Frameset: Kinesis Aithein 53cm / Full carbon Aithein fork
Bars: ZIPP Service Course Alloy 40cm
Stem: Deda Zero 1 Alloy 110mm
Headset: FSA Integrated
Bar Tape: Lizard Skins DSP Bar Tape 3.2mm
Groupset: Shimano 5800 105 11-speed
Seat: Ritchey Pro Streem V2
Seatpost & Clamp: Unbranded carbon post / Superleggera clamp
Wheels: 2015 Fulcrum Racing 3
Tyres: Continental GP 4000S 23mm
Other: Elite bottle cages, Shimano A520 SPD pedals
Weight: 8.0kg (17.6lbs)
I did it! I managed to build up a road bike from a bare frameset without totally messing something up! It’s even come in slightly lighter than expected. With two bottle cages and pedals it weighs bang on 8kg (that’s 17.6 pounds in old money).
With a bit of care and attention to detail it’s actually not that hard a task. Not to say some jobs weren’t without their issues, but the key is to take your time. The two most difficult tasks were;
1. Installing the press-fit bottom bracket. Most sources say you need a specific BB tool to press in the bottom bracket cups, but I didn’t fancy buying one and was fairly confident I could do it at home. I rigged up a makeshift press using my bench vice with wooden supports, then slowly and carefully pressed in one cup at a time, making sure to keep everything lined up perfectly. It was actually a relatively easy task.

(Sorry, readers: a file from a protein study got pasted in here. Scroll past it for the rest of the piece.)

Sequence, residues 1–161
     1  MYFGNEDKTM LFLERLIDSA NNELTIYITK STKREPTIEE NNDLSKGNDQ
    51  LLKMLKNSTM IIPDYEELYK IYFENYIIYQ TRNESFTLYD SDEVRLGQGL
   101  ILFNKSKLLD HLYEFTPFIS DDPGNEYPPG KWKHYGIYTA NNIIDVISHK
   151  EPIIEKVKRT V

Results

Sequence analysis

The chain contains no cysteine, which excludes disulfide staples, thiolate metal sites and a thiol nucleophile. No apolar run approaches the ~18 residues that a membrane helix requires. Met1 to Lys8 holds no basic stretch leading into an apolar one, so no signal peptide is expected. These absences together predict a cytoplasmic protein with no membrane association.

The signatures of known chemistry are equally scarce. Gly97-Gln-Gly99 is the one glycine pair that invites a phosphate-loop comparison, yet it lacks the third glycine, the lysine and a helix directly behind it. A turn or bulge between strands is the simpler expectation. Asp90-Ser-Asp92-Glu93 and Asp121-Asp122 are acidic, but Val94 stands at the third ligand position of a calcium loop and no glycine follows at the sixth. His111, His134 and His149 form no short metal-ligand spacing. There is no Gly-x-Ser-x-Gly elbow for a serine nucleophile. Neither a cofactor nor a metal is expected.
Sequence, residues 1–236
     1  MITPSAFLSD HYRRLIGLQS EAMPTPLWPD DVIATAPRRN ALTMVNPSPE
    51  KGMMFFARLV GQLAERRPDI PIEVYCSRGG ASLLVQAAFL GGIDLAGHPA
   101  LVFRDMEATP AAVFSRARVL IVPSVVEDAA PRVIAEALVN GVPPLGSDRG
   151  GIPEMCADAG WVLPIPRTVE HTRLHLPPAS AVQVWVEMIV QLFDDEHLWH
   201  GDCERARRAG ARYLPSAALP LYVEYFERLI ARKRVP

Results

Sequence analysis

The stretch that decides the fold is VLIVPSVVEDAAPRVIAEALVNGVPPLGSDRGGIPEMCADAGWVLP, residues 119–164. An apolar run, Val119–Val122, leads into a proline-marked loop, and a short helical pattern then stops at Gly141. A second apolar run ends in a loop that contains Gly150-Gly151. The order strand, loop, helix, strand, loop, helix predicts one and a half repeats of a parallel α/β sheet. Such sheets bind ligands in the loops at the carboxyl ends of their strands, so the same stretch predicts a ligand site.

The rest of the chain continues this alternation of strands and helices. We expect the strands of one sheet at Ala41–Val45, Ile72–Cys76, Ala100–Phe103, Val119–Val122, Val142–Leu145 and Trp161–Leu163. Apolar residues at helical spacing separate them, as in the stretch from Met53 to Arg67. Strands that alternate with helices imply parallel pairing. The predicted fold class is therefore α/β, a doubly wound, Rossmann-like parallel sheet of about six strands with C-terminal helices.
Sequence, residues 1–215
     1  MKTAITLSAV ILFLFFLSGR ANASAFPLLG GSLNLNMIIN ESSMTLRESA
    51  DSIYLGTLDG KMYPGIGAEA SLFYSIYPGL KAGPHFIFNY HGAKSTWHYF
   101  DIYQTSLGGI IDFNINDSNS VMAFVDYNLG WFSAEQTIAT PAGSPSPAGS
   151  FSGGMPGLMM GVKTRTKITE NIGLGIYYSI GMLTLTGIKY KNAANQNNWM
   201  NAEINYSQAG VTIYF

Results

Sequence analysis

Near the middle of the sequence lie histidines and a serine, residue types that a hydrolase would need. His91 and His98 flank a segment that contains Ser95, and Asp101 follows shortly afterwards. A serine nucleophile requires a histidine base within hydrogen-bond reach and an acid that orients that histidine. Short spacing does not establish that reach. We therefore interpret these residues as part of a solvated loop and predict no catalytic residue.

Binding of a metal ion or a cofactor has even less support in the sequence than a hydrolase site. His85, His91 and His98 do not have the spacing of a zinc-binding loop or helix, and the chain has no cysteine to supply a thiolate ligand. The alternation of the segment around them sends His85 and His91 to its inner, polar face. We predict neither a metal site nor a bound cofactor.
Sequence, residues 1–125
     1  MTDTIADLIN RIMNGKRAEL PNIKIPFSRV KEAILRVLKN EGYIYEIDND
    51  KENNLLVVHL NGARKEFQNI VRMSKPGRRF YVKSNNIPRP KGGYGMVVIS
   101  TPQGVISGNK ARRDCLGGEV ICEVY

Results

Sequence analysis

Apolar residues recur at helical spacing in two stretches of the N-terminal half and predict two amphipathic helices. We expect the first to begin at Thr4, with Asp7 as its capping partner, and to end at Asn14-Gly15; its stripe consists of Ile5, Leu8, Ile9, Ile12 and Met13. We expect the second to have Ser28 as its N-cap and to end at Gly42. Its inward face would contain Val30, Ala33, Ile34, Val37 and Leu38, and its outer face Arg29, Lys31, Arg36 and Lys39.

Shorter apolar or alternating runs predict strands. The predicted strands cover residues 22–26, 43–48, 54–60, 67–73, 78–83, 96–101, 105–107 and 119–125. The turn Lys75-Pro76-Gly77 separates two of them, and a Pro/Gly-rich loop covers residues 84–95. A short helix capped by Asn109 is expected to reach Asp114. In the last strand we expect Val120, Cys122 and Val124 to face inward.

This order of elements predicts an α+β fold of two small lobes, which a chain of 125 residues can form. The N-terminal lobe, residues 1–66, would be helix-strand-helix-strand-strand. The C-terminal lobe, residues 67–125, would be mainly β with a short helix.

2. Cutting the carbon steerer. This was a little more nerve inducing! Once again there’s a specialist tool for this job but with a little patience and a steady hand it’s easily taken care of at home. I measured (more than once) and marked the steerer, wrapped some masking tape around the area and re-marked my cut line. The masking tape reduces the chance of the carbon fraying when you cut it. Using a pipe clamp as a cutting guide and a brand new hacksaw blade I carefully cut around the steerer. The result was a perfectly straight and professional looking cut! I even impressed myself with this one.